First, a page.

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Nanoparticle Measurements and Standards for Biomedical Applications and Health


Our goal is to develop certified reference materials, standard test methods, measurements, and critical data for the physicochemical characterization of engineered and multifunctional nanoparticles. This body of information will enable widespread acceptance and adoption of nanotechnologies for the diagnosis, treatment, and prevention of human disease, as well as enable evaluation of the environmental, health, and safety (EHS) risks of nanomaterials.


Atomic force microscopy image of gold nanoparticles on substrate

Taking nanoparticle therapeutic and diagnostic platforms from the laboratory to the clinic requires a well-defined pre-clinical route for FDA approval that must include widely adopted and standardized procedures for assessing the efficacy and toxicity/health risk of new nanomaterials. Certified reference materials underpin the approval procedures and enable interlaboratory comparison and benchmarking. To this end, we are working to develop measurement protocols (assays), consensus standard test methods, and computational tools for the physicochemical characterization of different nanoparticle classes under physiologically and environmentally relevant conditions. Particle properties characterized include size and size distribution, surface area, surface charge, zeta potential, crystallinity, aggregation, stability, transport characteristics, chemical composition, purity, and photothermal/plasmonic behavior.

Impact and Customers:

  • NIST Gold Nanoparticle Reference MaterialsAnnual healthcare costs associated with cancer treatment exceed $188 billion, yet the mortality rate for cancer in 2002 was identical to that in 1950. According to the National Cancer Institute (NCI), "nanotechnology will change the very foundations of cancer diagnosis, treatment, and prevention."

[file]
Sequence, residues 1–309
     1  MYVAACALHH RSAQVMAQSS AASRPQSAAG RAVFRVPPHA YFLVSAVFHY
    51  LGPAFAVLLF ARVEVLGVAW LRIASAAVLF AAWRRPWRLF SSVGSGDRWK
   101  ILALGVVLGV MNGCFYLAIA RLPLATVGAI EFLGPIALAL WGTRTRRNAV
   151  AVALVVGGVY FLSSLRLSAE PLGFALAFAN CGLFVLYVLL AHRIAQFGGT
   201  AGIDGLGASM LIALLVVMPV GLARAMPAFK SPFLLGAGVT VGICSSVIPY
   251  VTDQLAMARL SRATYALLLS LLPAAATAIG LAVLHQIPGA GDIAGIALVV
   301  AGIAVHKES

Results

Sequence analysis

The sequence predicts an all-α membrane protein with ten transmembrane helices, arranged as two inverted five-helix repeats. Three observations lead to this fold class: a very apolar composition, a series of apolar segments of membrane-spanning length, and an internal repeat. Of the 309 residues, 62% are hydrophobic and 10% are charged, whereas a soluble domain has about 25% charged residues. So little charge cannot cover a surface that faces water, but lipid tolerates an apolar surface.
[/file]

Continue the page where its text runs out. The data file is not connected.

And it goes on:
• NIST collaboration with NCI and the Food and Drug Administration (FDA) provides a framework for developing a standardized analytical cascade for physical and biological characterization of nanoparticles for imaging, diagnosis and therapy.
  • New consensus standards for characterization of biomedical nanoparticles are currently under development within ASTM committee E56 on Nanotechnology.
  • NIST interactions with NCI, FDA, the National Institute of Occupational Safety and Health (NIOSH), and the National Toxicology Program (NTP) have fostered robust interagency cooperation and enabled us to focus our resources on nanoparticle standards priorities for the biomedical and EHS sectors.

Major Accomplishments:

Engineered nanoparticles hold great promise for the detection and treatment of disease. Advanced applications in cancer management, for instance, could result in precise in situ imaging and localization of tumors and targeted application of therapeutic agents directly to tumor cells. To bring these technologies to the clinical stage, and enable assessment of the EHS aspects of nanoparticles, we are partnering with FDA and NCI, and working with NIOSH, NTP and others, to develop a nanoparticle measurement infrastructure.